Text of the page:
We are going to feature a series of posts this week on the merits of the idea of using Federal deficits to stimulate an economy in severe recession or depression. The first offering is from DoctoRx, who writes at EconBlog Review:
Part I. INTRODUCTION
Robert Rubin’s home town of Miami Beach contains any number of hotels and apartment buildings, plus a movie theater that honor the progressive Presidents Roosevelt, especially FDR.
How ironic then that Mr. Rubin would end up as such a key person in the 1999 evisceration (Gramm-Leach-Bliley) of part of Roosevelt’s first major securities law, the Glass-Steagall Act of 1933. How further ironic – and tragic- that this Beach boy would help rebuild much of the entire financial structure of the United States on sand, as if he were still in his hometown, rather than on the granite of his adopted New York.
Economists have been struggling to deal with the crisis caused by the crumbling of much of what he encouraged to be built.
Some now believe that as in FDR’s New Deal, the U. S. should increase its governmental debt even more than is currently in the works. One recent essay by Dr. Edward Harrison was of special interest in that it argued that the private sector of America is so burdened by excessive debt that the government needs to take on more and more debt in response.
While I am sympathetic to much that is in this wide-ranging article, this argument merits comment.
Part II. Discussion of “The recession is over but the depression has just begun”
Dr. Harrison believes that a chronic “depression” state is underway, regardless of any “Fake Recovery” that he believes has begun. He states:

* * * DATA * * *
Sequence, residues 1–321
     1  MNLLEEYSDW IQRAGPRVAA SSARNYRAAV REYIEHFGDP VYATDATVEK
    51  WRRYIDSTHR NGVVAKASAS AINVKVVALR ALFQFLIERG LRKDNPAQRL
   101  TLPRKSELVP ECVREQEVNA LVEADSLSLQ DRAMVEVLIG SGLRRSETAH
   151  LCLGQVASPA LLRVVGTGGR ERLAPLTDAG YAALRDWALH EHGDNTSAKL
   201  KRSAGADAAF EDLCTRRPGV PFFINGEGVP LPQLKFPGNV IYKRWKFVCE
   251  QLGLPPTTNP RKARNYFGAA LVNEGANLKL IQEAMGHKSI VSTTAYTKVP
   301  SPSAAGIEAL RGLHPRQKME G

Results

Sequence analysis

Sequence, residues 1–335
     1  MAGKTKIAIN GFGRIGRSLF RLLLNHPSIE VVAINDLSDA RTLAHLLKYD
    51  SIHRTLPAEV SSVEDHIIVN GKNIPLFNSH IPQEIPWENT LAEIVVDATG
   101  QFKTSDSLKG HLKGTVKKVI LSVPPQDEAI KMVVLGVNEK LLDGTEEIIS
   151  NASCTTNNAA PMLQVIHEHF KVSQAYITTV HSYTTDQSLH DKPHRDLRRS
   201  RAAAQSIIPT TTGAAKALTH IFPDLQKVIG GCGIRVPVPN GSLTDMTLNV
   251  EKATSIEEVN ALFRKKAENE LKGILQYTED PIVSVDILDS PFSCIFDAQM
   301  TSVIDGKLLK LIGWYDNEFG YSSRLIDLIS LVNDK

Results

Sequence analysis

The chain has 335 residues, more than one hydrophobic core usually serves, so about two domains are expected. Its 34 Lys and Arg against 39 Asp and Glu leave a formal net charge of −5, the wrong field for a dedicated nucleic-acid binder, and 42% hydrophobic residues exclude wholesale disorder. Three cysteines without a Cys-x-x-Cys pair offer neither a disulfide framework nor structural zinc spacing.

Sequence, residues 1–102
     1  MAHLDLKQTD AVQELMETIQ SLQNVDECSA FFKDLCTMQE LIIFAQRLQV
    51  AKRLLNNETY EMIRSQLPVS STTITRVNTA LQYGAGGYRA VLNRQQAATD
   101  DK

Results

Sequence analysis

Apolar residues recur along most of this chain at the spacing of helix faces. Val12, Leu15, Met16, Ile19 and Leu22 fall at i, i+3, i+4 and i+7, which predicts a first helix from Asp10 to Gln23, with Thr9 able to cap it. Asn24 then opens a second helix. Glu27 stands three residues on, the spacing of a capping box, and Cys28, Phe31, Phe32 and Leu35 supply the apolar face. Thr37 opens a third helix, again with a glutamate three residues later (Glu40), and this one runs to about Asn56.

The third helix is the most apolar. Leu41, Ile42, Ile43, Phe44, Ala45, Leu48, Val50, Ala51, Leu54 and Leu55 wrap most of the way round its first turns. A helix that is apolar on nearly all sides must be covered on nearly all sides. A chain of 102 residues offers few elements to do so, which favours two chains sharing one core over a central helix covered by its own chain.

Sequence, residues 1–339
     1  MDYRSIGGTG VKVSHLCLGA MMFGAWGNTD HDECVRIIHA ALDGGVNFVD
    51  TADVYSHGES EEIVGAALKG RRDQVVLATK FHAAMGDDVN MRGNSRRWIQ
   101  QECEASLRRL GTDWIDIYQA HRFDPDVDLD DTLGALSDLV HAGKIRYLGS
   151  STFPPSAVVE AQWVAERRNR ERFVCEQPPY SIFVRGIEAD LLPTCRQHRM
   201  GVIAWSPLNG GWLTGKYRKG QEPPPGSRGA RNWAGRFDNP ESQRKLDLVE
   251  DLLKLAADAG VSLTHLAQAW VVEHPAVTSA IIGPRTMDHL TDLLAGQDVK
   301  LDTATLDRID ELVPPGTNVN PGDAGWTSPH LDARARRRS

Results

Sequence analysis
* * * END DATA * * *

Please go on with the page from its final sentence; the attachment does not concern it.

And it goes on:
“This is the core of our problem-debt.”
Re the title, while a chronic depression may be underway, who really knows? How would that opinion, even if widely shared, justify major changes in policy which themselves have unpredictable effects for better or for worse, given all the uncertainties?
Is debt really the core of our problem(s)?
Focusing on private debt as the core problem may be analogous to focusing one’s attention on one species of tree within a much larger stand.
How can it be that in a democracy, if the people and their companies are too heavy with debt, the solution can be that their government–which is the people in another form and whose debts are therefore the people’s debts– should take on debt which is additional to the existing debts? (It would be somewhat different if the government borrowed the money to extinguish the debt.) Is this a case of circular reasoning? Dr. Harrison implicitly says no, first saying:
1. The government plays a crucial role here because of the huge private sector indebtedness. In the U.S. and the U.K., the public sector is not nearly as indebted.
The author does not present the data he is using to support this statement. Published estimates of net existing Federal debt plus the present value of future obligations are north of $50 trillion; with current revenues around $2 T, the government has a debt:revenue ratio of 25 or worse. How many companies, individuals, or aggregate private sectors have that indebtedness ratio?
Statistics I have seen suggest that private debt is not as much above 1959 levels as one would think, but that it is Federal debt and unfunded obligations that is vastly worse than 50 years ago. For example, the Fed reports (http://www.federalreserve.gov/releases/z1/Current/z1r-5.pdf) that the household sector has $67 T of assets and $14 T of liabilities. (I do not believe that the promised Social Security benefits are counted as household assets, and assuming I am correct, either household assets are thereby understated or the Federal liabilities estimated above are overstated.) Personal income is running about $12 T. So in the aggregate, is not the household sector healthier re debt:income (and probably debt:equity) than the Federal government?
I am excluding private business debt from this sort of comparison. Business can take care of itself. The proposal that all of us should indebt ourself either to each other or foreigners because some businesses may have too much debt does not resonate with me.